My complete thoughts here: http://vjswami.com/2013/12/04/a-buyers-guide-for-the-all-flash-array-market/
I like the chart. I would consider it a first go at an all vendor AFA comparison. Thanks for putting it out there for regular IT folk to use as a data point (aka me).
“Note: I had to guestimate as to what is possible with each array.”
As the saying goes: “When you assume, you make an ass out of you and me”
Question marks for unknowns would have been readily apparent and less issue for vendors.
I also agree that leaving iops out, however theoretical each company came up with that number, was an oversight.
Leaving IOPs or for that matter any other measure of performance was more than an oversight. It actually rendered the table rather pointless. All Flash Arrays exist to provide better performance than spinning disk arrays.
But performance the defining characteristic of an AFA is missing.
If I need capacity I can get that with lots of cheap SATA drives, but that measure is in the table!!
One question how do SSD based arrays manage Firmware NDU, I see a table with ticks in the boxes for Array vendors using SSD’s and I can see how its possible to do for the controllers but how do you update the firmware in each of the SSD’s. Or is this another hole in the analysis?
Pardon my late arrival to this post and subsequent discussion.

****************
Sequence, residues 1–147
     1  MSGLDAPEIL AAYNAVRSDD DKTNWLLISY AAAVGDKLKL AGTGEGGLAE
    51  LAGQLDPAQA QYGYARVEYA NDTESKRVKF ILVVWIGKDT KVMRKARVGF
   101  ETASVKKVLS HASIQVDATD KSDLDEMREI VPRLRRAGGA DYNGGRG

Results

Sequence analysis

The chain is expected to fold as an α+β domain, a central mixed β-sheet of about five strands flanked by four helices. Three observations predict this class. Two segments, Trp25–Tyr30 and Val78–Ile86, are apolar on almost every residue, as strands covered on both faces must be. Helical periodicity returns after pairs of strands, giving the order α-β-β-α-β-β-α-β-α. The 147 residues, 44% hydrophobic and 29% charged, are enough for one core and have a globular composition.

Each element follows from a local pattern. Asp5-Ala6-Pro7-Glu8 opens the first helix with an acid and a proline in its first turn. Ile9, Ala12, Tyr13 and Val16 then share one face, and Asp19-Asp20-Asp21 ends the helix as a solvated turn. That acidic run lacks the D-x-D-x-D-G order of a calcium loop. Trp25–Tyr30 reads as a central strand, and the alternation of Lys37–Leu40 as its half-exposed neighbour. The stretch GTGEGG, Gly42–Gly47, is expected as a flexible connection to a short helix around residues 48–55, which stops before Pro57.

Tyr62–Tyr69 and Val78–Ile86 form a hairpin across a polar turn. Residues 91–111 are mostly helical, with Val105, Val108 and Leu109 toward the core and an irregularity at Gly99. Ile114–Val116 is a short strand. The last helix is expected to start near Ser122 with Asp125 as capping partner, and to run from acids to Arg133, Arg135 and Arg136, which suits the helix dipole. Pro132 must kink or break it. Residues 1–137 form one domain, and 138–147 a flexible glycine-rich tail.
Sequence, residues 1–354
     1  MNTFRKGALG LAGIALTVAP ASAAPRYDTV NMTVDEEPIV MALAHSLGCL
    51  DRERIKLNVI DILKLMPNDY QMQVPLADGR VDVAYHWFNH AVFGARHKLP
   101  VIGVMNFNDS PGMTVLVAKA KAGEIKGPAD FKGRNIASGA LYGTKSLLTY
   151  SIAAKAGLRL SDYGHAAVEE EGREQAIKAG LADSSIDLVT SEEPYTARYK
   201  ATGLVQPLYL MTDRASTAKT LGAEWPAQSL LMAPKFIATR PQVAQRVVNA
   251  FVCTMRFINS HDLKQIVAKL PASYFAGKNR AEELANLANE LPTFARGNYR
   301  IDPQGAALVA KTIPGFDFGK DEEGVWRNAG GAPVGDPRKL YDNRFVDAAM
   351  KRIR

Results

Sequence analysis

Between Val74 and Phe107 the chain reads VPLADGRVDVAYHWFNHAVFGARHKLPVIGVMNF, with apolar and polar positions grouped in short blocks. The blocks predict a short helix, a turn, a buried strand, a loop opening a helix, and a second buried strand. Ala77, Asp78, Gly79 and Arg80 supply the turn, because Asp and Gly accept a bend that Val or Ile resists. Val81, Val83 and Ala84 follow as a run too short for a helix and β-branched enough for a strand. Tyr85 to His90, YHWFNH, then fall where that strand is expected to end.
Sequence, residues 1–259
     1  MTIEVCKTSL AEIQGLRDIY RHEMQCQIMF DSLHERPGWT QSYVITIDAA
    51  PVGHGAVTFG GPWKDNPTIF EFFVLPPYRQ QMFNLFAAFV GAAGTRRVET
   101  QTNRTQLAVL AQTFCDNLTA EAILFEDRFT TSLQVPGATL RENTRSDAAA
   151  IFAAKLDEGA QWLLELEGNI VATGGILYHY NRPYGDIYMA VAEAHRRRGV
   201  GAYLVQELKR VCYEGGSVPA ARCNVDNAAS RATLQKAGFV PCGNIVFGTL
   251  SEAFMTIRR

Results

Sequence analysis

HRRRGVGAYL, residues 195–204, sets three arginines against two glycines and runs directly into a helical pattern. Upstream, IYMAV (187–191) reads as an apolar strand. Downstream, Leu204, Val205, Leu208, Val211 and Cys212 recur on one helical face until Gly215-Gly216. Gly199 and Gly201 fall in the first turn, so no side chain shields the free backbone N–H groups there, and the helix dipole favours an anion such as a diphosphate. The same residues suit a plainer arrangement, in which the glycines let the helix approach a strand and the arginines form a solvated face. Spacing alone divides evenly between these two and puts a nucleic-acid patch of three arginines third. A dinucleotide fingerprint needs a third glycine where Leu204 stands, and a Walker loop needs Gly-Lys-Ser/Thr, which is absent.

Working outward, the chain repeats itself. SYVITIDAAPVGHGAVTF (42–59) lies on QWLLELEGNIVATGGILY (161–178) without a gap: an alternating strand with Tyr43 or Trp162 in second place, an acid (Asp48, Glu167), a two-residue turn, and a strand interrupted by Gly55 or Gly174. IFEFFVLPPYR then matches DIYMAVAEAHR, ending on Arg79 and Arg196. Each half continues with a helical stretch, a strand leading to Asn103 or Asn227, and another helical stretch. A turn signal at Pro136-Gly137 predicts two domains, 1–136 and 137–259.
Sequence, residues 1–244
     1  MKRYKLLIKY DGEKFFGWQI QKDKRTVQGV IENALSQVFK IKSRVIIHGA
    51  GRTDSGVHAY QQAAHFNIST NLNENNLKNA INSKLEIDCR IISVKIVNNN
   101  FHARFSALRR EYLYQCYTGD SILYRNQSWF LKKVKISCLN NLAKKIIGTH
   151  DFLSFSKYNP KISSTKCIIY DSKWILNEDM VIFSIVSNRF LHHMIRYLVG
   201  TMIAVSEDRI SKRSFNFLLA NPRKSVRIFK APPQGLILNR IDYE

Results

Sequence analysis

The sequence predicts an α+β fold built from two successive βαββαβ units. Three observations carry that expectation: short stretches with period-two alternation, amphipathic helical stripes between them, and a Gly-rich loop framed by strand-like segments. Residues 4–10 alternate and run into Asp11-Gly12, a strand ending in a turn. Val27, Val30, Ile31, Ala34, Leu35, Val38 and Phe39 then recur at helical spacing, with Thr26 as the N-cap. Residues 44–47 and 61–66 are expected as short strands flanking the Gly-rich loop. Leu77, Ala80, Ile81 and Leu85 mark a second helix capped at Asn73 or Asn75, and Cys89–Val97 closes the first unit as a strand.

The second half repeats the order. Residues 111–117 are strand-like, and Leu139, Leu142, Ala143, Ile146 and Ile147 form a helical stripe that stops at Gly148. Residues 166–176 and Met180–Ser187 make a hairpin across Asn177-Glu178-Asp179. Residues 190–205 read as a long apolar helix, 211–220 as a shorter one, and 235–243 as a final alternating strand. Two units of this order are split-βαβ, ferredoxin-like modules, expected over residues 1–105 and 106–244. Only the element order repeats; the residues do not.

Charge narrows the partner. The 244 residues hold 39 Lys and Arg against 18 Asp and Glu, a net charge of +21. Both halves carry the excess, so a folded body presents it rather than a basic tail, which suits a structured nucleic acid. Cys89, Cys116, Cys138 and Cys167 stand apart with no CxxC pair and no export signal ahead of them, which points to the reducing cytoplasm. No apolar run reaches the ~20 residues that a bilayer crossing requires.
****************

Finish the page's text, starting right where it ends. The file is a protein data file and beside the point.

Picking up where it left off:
I find posts like this extremely useful because it gives people some points to reference when researching the various products available. There will always be bias in such posts, and I would like to think most people are cognizant of the author (or the blog) and their association(s).
Comparisons of the various AFA products like this post are very sparse, and I laud Vaughn for starting a discussion about these products. I look forward to some updates to the chart. 🙂
I have updated your table. Since AFA’s are primarily being installed to improve IO performance, plus size and power consumption I have added the missing Performance Section and a power and rack space section. I hope the numbers I put in for the Pure Array are correct. If you want me to change them I will be happy to do so.
Andrew Harrison Violin Memory
Jeff Friedman says
Fusion-io’s ioN should be mentioned as well. Its feature list is growing quickly, is active in the field, and is a non-proprietary server with proven Fusion-io flash speeds and reliability.
Great post Vaughn. Would have loved to see a performance category as well a mention of the scalability feature set. Possibly we will see the P-AFA and S-AFA merge.
If a storage vendor supplies a comparative chart favouring their technology, does anybody really care or give it any credence, no.
Vaughn Stewart says
I agree with you; however, customers require information in order to make an informed decision. I believe the content in this post is not only accurate, but fair in supporting deployment considerations. AFAs offer much more than disk-based arrays, we need to evolve the conversation from mere IOPs and capacity claims.
Thanks for the comment,
double disk failures , NDU even in hardware expansions , Replication and compressin are all supported in XIO, this comparision is outdated ..please change it